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DoD, DHS Conduct Large Scale Chemical Hazard Modeling Trials

Suddenly released from a 10-ton tank, chlorine gas flows among condemned shipping containers that replicate urban structures. Image courtesy of Dugway PG Test Support Division.

First discovered in 1774 and later used as a chemical weapon during World War I and the ongoing Syrian conflict, chlorine is one of the most commonly manufactured chemicals in the United States. Chlorine plays an integral role in our daily lives – from a disinfectant in the water we drink to the production of paper and plastic. As such, hundreds of millions of tons of chlorine are transported every year by road, water and rail systems.

Either the accidental or intentional release of chlorine, or any toxic industrial chemical, could have a devastating impact on warfighter and civilian lives. Such a release poses a risk to Department of Defense forces at home and abroad, making it vital to understand the behavior of chemical plumes in the event of a large-scale chemical release.

A dual-agency program with the Defense Threat Reduction Agency’s Joint Science and Technology Office and the Department of Homeland Security (DHS) Chemical Security Analysis Center is conducting a series of large-scale, controlled, outdoor chlorine release trials known as Jack Rabbit II. These field trials are critical to providing accurate models of plume trajectory to protect personnel.

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Although the DHS department has previously conducted chemical hazard modeling, it has never been validated for toxic industrial chemical releases from large-scale transport containers such as rail cars and tanker trucks. The joint DTRA and DHS team’s goal is to better understand the impacts of such a release in the immediate vicinity and downwind up to seven miles.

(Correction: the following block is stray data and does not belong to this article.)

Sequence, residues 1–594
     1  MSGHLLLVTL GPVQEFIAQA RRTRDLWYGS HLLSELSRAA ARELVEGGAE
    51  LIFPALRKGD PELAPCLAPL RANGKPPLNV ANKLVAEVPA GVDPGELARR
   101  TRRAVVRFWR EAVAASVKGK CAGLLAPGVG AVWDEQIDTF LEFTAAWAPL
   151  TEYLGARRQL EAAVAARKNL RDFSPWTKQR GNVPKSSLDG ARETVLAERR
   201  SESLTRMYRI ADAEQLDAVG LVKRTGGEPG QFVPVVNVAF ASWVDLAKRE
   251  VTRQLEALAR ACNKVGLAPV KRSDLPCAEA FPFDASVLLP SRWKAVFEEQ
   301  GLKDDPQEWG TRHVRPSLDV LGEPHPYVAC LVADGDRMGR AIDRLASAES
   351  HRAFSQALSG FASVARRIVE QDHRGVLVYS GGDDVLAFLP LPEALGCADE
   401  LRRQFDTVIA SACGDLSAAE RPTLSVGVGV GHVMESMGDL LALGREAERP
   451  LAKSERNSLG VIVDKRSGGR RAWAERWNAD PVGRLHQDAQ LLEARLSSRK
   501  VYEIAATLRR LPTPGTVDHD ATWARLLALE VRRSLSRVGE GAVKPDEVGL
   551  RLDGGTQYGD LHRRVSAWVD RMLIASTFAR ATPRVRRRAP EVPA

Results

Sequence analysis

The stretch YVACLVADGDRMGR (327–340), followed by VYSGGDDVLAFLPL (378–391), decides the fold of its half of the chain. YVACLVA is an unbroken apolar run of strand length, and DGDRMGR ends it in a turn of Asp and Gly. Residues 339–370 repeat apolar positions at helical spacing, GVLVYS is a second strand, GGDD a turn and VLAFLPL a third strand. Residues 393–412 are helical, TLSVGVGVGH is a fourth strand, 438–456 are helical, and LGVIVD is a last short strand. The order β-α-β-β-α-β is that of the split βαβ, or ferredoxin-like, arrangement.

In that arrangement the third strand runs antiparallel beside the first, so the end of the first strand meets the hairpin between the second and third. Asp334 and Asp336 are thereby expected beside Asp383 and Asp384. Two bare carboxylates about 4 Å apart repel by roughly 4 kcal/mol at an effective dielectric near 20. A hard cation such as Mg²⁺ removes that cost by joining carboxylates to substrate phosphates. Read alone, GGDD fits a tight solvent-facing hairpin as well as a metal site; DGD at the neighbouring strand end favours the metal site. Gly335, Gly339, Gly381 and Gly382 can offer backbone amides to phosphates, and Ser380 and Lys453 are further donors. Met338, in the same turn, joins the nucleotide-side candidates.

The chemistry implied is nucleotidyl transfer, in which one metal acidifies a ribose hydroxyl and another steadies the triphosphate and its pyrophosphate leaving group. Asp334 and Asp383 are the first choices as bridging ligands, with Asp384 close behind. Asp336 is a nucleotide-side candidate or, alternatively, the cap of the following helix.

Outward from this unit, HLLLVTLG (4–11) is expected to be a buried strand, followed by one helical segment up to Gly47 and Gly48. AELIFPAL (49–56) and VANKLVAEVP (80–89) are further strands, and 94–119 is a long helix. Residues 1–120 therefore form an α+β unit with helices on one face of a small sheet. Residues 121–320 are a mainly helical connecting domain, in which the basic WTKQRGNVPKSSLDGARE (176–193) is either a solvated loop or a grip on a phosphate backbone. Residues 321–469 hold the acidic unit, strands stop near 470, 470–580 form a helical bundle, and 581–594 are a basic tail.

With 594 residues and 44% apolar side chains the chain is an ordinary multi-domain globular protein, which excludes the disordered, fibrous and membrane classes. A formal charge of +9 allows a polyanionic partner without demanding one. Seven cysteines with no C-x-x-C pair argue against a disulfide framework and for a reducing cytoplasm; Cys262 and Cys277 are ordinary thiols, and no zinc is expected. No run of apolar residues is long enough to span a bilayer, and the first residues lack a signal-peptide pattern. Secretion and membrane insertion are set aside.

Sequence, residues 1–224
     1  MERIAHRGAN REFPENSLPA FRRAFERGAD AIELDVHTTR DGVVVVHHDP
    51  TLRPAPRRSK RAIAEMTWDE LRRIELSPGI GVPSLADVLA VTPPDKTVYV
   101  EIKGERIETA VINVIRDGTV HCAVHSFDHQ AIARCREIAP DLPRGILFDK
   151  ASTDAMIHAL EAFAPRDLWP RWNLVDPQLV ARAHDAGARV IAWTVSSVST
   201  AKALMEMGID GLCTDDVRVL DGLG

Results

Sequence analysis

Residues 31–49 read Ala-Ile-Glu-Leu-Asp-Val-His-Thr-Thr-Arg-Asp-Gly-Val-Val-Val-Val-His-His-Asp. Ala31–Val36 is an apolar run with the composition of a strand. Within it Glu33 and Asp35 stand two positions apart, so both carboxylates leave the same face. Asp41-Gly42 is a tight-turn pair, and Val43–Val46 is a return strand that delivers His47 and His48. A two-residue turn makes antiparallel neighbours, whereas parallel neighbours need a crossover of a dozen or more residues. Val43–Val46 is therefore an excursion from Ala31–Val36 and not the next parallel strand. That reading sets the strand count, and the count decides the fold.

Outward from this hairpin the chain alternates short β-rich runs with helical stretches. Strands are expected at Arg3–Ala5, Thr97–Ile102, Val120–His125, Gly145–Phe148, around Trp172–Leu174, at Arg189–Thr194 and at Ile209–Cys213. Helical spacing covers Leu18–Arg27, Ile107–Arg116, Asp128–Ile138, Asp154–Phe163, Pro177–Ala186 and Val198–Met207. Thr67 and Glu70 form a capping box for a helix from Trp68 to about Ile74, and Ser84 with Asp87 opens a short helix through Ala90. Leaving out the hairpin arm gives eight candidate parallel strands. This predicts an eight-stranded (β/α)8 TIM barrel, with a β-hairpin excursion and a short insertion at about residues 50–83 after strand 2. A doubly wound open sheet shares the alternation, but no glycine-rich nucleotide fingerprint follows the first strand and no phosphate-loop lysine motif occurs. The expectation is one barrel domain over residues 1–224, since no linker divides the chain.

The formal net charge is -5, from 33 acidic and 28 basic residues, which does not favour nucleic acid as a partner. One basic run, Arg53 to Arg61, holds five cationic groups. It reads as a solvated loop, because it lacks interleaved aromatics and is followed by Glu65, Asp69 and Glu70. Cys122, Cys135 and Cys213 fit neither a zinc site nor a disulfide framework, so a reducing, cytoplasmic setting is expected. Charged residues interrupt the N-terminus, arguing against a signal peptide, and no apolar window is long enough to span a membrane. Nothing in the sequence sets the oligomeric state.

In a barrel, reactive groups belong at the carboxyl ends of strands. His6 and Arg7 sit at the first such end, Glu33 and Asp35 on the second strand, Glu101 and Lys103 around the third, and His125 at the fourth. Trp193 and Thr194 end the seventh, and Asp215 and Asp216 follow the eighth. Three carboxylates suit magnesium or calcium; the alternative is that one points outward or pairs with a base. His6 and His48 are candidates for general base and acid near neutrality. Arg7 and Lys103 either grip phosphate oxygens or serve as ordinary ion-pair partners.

The four-year program, which began in 2013, began field trials between 2015 and 2016, releasing five to 20 tons of chlorine in a variety of release mechanisms. Several measurements were taken within the testbed, downwind, within a mock urban setting and around vehicles.

Currently, data collected is being analyzed to understand chemical infiltration of buildings and vehicles, plume behavior within an urban environment, chlorine reactivity and deposition, and cloud reactions with multiple surfaces such as vehicles, soil and vegetation.

This analysis will improve safety in the event of a chemical release through increased accuracy of chemical hazard modeling, more efficient and effective emergency response and improved mitigation measures to reduce the impact to affected populations and infrastructure.

Article by DTRA, edited for context and format by CBRNE Central.

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